One day in the clearing behind the garden where mother Lynn worked, planting vegetable seeds, the three Cubs played a common game called the Fort competition. This was where each child would build a fort that looked much like a square house with several sticks bound together to form a point at the top, with an opening to fit visitors at the base. The child to gather sticks and finish building his or her fort before the others were finished won the competition. However, there were alternatives to this game. The Fort to be completed before the others also had to be the biggest. If not, then the child bear who finished before the rest would not win the competition.
This often created much confusion and conflict between the bear children, especially since Casey always had to be the winner, and would get very angry if he wasn’t. On this day, in particular, Casey was in a very foul mood. It was a warm and sunny day so there was no reason for Casey to be angry when the rest of his family, and all other animals in the woods, were happy. It was too bad Susie spoilt Casey’s jovial mood when she accidently stepped on his toes, but it was more unfortunate for Casey to stay angry at his sister, especially since she had not hurt him on purpose.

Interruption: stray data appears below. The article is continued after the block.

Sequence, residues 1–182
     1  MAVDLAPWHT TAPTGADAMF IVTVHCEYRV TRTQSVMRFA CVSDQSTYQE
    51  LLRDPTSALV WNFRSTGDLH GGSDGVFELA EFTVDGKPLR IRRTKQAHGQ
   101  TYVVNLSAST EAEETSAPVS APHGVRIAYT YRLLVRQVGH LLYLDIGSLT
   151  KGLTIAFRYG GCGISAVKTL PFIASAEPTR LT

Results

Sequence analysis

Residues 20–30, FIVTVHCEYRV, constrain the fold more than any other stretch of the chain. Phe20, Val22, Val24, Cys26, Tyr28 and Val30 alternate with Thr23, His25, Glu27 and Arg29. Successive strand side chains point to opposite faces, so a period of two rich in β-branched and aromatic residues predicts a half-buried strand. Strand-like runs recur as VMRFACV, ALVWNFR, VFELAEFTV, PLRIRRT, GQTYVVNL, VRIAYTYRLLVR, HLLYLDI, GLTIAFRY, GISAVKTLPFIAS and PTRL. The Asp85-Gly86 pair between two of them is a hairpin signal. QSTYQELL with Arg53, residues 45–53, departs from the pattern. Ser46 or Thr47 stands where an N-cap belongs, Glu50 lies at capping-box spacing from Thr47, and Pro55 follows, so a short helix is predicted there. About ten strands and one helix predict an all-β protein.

So after each child completed their forts, they gathered together to determine who would be the winner. Of course Casey was the first child to complete his fort, so he insisted that he was the winner. Susie, not completely trusting her older brother’s claim, stepped closer to the forts and examined them.
“ Actually, Joe’s fort is the biggest,” she exclaimed. “So you are the winner, Joe,” she said looking at her younger brother. Joe smiled with happiness at his success, but Casey was angrier than ever. In his mind, he deserved to win the competition. After all he was the first to complete his fort. So there was no way he was going to let his younger brother rob the attention from him.
“I completed my fort first, so I should by right, be the winner,” Casey scowled.
“But mine was bigger than yours, Casey, and so I win. Those are the rules,” little Joe insisted.
“Stop it you two before I tell mother,” Susie cried.
“I will not,” Casey shouted. “I won the competition fair and square and it is no right for you, Susie to tell me other wise.”
“Susie is right though, Casey. I looked at the forts when she looked at them after we finished building them,” Joe shouted.
“Yes, why do you always have to be the winner? Why can’t you let one of us win without getting angry, and making us feel bad” Susie questioned.
“Me, what about the two of you? You are both young and stupid,” Casey fumed.
“Well if you were not such a beast all the time, maybe we would like you better,” little Joe said, feeling the thick fur of his body stand on end.
Casey walked over to his younger brother and smacked him across the face. Poor little Joe ran crying to his mother in the garden. Susie followed him. But mother Lynn did not have to hear her son cry. She saw everything from her work.